In general, this makes sense to me. In a language like C#, 99% of the time your code is dealing with statically typed objects, and if you're doing a lot of casts, you're probably doing something wrong. But in the TS world, you're forced to live in an environment defined by JavaScript's dynamic types. You can often get around this by specifying interface definitions (.d.ts files) and what-not, but not always, and that's not always a reasonable approach. I agree that this is probably the best way to approach the language: what you lose in type safety you more than make up for in convenience. (And in the end, the only measure of the value of any language feature is whether it makes a programmer's life easier.)

That said, I could imagine a "strict" compilation setting (probably as a part of each file) which didn't allow this sort of assignment, or at least, required you to make the cast explicit. Or perhaps a setting that just merely flagged it as a warning. Kind of like VB's "option explicit" or the JS hack "use strict".
Feb 1, 2013 at 6:02 PM
Hi guys, thanks for your thoughtful replies. Couple of thoughts from me, sorry about any non-linearity in them!

I've definitely come at TypeScript with expectations of an experience similar to that in a statically typed language rather than a gradually typed one. I guess there is more justification in the literature about gradually typed languages. :) I admit that I haven't given TypeScript a go for any sizable project yet so I'll definitely try to keep an open mind to this, anything that can help me understand my client side code better seems like a win.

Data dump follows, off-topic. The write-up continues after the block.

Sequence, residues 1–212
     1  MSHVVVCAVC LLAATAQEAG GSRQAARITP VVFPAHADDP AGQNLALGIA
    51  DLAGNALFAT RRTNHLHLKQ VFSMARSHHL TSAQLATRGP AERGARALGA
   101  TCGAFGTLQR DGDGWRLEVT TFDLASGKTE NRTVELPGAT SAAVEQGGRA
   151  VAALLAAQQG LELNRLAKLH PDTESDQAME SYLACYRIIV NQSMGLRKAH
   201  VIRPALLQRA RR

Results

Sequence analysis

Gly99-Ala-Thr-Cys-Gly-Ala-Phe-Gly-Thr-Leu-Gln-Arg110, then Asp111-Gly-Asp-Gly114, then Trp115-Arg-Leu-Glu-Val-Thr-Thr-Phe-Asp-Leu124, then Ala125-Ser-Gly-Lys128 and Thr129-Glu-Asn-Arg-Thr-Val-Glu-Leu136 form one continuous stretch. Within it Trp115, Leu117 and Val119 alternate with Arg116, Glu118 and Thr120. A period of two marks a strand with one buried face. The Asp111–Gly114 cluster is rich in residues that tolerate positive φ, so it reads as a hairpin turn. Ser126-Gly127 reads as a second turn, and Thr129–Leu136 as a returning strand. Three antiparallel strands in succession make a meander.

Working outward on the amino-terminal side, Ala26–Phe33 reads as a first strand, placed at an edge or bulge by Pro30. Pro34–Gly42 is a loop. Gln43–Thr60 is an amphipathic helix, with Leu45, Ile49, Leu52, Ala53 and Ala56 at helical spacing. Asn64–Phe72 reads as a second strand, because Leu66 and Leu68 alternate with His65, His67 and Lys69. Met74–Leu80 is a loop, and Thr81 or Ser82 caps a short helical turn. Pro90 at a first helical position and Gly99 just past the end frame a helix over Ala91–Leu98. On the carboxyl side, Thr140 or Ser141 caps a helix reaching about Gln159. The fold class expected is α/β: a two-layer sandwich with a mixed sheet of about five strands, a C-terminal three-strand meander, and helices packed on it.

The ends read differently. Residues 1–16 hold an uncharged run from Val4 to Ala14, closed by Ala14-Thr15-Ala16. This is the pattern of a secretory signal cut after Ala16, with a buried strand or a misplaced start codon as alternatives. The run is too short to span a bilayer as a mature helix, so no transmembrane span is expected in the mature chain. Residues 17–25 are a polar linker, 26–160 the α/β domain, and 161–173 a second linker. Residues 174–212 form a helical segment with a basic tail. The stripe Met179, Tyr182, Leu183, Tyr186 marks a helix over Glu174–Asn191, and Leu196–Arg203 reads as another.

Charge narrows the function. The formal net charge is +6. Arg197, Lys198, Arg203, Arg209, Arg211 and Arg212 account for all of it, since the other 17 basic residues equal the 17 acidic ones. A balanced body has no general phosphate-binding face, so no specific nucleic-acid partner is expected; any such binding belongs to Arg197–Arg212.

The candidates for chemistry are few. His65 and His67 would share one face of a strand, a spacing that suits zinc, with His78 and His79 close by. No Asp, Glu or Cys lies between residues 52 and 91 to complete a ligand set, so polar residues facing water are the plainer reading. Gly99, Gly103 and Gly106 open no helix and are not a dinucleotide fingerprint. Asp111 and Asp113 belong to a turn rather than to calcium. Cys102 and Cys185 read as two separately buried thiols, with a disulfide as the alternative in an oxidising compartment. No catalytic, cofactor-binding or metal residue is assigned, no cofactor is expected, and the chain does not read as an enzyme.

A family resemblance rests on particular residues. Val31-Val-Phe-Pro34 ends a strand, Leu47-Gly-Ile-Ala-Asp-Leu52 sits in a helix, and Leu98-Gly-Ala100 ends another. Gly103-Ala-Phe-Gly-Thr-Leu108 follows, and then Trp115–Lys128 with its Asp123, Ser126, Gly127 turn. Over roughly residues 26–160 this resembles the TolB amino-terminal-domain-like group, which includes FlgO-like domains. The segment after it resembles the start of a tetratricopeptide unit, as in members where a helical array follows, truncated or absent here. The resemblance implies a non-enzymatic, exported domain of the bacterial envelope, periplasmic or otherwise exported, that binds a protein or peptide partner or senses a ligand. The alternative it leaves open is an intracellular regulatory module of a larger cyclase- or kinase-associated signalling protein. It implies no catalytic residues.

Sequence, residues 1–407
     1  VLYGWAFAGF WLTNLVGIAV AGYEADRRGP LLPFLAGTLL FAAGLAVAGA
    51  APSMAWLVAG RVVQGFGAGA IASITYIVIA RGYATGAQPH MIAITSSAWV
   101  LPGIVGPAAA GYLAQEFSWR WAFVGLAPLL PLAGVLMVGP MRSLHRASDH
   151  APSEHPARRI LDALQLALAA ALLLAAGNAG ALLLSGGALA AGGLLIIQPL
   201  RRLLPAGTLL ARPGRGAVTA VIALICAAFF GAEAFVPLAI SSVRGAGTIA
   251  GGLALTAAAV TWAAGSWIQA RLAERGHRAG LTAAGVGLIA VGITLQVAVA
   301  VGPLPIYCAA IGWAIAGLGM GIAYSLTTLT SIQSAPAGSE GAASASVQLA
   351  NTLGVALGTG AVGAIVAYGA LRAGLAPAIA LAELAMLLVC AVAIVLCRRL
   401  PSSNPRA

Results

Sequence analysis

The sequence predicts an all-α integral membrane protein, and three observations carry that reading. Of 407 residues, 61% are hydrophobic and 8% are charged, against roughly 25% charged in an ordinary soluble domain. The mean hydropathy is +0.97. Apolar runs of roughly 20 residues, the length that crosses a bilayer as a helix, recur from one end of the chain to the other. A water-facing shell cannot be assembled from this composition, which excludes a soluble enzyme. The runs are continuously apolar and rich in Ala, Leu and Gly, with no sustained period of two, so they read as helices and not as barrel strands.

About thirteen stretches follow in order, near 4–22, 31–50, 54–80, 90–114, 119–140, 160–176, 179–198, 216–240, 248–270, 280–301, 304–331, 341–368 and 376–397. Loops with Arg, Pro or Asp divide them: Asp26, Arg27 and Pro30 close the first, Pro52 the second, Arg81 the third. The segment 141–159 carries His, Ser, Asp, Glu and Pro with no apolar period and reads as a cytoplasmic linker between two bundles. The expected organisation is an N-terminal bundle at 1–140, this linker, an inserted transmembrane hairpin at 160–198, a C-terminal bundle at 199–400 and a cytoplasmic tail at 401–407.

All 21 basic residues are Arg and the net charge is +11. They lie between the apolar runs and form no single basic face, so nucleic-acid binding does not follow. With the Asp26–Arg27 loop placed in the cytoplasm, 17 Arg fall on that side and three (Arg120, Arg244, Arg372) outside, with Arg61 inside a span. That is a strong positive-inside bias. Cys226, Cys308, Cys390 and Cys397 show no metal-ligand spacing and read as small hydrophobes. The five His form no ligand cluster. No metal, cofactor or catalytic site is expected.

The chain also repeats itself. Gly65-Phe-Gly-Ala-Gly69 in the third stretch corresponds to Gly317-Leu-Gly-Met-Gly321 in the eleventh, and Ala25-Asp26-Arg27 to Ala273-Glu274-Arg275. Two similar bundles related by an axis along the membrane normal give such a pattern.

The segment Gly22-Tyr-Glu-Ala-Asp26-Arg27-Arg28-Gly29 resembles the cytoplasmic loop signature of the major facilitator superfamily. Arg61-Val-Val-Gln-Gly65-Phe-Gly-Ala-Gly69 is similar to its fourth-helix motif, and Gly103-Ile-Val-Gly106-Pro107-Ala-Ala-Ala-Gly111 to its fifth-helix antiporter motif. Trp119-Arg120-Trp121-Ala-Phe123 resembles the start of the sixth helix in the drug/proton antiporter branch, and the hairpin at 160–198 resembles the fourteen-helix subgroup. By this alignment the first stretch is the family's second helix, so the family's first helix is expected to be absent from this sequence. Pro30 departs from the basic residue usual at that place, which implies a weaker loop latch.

When you don't know [the type of a value at compile time], you can't make any assumptions about it's contents
Jon, that is true, but since an Any is assignable into some value with a static type, does it also follow that you can't make assumptions about the contents of that, too?
I'm trying to shift my mindset from type annotations as providing facts/constraints on runtime values to being more like my expectations (or preconditions?) for values used at runtime, which seems to fit their implications in TypeScript better (though I guess this is also the case in many statically typed languages where type annotations don't put constraints on whether a value is null or not).

I've also been thinking about if a "use strict" mode makes sense in TypeScript. I think maybe I'd be happy with a warning - really I don't want to force myself or others to do unchecked casts, but I probably do want to be kept aware of Any values in my code. This will probably also improve through me gaining more experience about how Any values can make their way into a program.

Overall I feel it's probably right that this isn't an error now, hopefully I'll find some time to better see whether it really is an inconvenience for me or not!
Feb 1, 2013 at 6:05 PM